Bar graph showing percentage of student respondents who received each type of alert. Low scores on assessments, quizzes, or exams 	33%. Missing work 	32%. Missed classes, labs, workshops, or tutorials 	26%. Low scores on course assignments 	19% Other	19% Lecture content or course resources not viewed 	10%. Discussion posts not read 	8%. Lack of participation 	8%. Not reading class announcements 	7%. Not logging into the learning management system (LMS)	6%. Deficient number of discussion board postings 	5%. Deficient quality of discussion board postings 	3%. In-class behavioral problems or issues 	3%.
Chart showing the types of nudges students received.

This isn’t to say that all alerts are bad, because nearly all (92%) of the students surveyed thought they were at least moderately useful, but students also need systems in place that celebrate good choices. When I was reading through the Insights documentation, I felt the framing of the documentation encouraged readers to use this tool to look for issues (negative issues) and take action and while that may be helpful for some, I think educators also need to look at the data for positive behaviors and take action on those too.

Lastly, the biggest concern I have is what students know and if they can see their own data. Insights is only viewable by an instructor and when adding it to a tab, the message encourages instructors not to post to the channel that the tool has been added because students won’t have access.  On one hand you could see that as “care” because you don’t want to distract students or make things confusing in the class. However, in my opinion this particular decision in the name of care, disempowers students because it takes that data out of their control. In the same way that companies that collect data have a responsibility to inform and protect the data that is collected, I believe educators have a similar responsibility. 

Using Data to Support Students

Regarding the learning analytics and how effective they are at helping students, I have mixed feelings on if they are helpful because student’s don’t see them in insights. In the ECAR study, most nudges were helpful, but overly negative. If positive messages were added in, then I think you could say the nudges are supportive and caring.

For other aspects, such as identifying students who may need additional support, there are a lot of factors that are “beyond the control of the student, caregiver or educational provider (Toldson).”

Here are some suggestions of things to look for in terms of “academic health” where the data could help (pulled across multiple literatures):

  • Frequent class absences in the first 2-4 weeks
  • Chronic class tardiness or leaving class sessions early in the first 2-4 weeks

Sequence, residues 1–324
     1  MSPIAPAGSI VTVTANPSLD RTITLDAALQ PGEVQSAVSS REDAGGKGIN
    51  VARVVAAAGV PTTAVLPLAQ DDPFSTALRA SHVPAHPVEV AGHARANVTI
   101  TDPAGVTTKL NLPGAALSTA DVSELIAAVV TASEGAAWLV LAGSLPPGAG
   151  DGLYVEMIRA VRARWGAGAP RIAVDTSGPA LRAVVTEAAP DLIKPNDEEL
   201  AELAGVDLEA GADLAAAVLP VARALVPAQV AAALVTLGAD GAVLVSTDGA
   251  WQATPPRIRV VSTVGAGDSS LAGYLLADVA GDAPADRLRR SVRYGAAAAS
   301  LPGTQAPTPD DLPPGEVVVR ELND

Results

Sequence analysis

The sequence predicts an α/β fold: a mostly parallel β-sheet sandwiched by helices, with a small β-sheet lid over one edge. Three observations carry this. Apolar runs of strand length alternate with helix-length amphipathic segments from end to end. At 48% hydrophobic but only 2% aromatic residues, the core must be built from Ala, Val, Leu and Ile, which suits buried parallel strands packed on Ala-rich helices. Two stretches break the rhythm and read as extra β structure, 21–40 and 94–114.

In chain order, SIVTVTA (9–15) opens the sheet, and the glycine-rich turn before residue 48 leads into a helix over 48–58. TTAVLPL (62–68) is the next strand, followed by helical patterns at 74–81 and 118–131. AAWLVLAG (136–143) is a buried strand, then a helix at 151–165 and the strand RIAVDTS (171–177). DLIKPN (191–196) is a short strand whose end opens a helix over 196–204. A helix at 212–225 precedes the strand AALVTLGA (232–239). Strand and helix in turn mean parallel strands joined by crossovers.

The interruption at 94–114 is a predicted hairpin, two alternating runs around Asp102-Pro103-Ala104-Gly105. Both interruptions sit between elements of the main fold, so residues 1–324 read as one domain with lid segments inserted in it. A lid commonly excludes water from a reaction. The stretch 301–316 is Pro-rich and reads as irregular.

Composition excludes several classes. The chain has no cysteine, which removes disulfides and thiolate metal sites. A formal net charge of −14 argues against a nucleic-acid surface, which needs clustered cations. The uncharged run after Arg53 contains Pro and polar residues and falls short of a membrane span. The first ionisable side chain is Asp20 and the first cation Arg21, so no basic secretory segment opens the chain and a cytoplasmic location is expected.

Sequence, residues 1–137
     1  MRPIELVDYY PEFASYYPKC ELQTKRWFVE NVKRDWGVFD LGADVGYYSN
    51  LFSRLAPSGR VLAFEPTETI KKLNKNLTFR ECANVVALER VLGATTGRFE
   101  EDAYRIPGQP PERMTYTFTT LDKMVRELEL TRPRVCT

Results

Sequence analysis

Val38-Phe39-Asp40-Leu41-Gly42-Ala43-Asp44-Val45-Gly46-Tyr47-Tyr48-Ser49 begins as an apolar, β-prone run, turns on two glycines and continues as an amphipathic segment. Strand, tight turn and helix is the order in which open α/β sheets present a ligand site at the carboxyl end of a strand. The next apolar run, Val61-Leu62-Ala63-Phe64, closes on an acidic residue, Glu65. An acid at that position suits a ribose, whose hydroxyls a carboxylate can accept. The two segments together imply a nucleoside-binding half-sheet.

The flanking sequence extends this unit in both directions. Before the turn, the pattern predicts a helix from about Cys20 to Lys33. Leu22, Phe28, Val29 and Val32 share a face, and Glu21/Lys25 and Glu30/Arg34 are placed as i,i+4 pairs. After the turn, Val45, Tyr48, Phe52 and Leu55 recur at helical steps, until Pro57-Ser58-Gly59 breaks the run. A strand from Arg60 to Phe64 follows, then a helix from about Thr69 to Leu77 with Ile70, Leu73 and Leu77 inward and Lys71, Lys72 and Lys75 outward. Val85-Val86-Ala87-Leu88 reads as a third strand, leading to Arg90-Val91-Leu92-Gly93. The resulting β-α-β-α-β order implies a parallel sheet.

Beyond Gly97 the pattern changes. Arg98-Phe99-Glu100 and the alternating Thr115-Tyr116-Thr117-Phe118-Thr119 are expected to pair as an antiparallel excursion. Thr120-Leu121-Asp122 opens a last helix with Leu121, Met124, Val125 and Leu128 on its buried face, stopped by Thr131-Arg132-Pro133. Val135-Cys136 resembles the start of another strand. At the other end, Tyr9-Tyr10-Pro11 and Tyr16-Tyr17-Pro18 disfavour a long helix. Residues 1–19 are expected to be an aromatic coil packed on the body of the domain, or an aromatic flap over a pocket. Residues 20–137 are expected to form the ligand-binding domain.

• Missing, late or poor performance on early exams or other assignments
  • Poor grades in multiple courses
  • Lack of interaction or action to implement feedback or learning strategies that were recommended

From this list, you can see that this data won’t speak to an individual’s mental or emotional health and you may not be able to see all of the data for some of the points. So while you may need to look at some data, that’s only going to be one part of the picture.


The collection of data is here to stay, but how we use the data we collect matters. Yes, some of the data can be helpful in completing a picture or helping an instructor gain more understanding into how students may interact with their online content, but it can easily be misunderstood, and abused. So I find myself asking, what data is actually needed and when is it appropriate to use it? 

If you find that it’s best to use the learning data, then I think you also have a duty to inform students that you’re using the tool and how you use it.  You may also need to discuss if there are any relevant institution, state or federal policies that also guide how the data can be used and who can access it. 

The values that I set forth in my Digital Mission Statement, remind me that I want to be an EdTech leader who focuses on people; someone who recognizes and pays attention to each individuals’ full personhood. I’m still working out what this means in each situation – especially as more of our lives turn into data points, but I don’t want the default mode of care to be a form of surveillance, where it means watching and tracking every mouse click or eye movement. It’s my hope that the person would always come first, even as new use cases and situations arise.


Gierdowski, D. C., Brooks, D.C., Galanek, J. (2020). EDUCAUSE 2020 Student technology report: Supporting the whole student. 

Educator’s guide to insights in Microsoft Teams. (2021).

Toldson, I.A., 2019. Why it’s wrong to label students ‘at-risk.’

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1 Comment

  1. I share your concern about students not being able to see what data about them is being shared and monitored. It’s only fair that there be transparency in letting students know what they are being judged on.